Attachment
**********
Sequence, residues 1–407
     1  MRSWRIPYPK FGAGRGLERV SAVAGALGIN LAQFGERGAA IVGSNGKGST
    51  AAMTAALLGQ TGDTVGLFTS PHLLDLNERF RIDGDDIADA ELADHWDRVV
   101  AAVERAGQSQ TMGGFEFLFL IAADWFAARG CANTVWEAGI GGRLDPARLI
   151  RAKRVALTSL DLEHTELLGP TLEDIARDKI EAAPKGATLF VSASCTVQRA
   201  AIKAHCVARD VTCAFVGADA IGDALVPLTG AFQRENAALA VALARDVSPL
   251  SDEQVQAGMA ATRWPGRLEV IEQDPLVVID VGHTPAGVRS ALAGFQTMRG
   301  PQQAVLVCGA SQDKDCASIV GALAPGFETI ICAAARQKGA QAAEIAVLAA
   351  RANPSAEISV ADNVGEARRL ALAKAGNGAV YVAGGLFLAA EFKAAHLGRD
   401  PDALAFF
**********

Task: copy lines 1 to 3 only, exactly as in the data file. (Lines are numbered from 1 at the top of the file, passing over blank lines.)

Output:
Sequence, residues 1–407
     1  MRSWRIPYPK FGAGRGLERV SAVAGALGIN LAQFGERGAA IVGSNGKGST
    51  AAMTAALLGQ TGDTVGLFTS PHLLDLNERF RIDGDDIADA ELADHWDRVV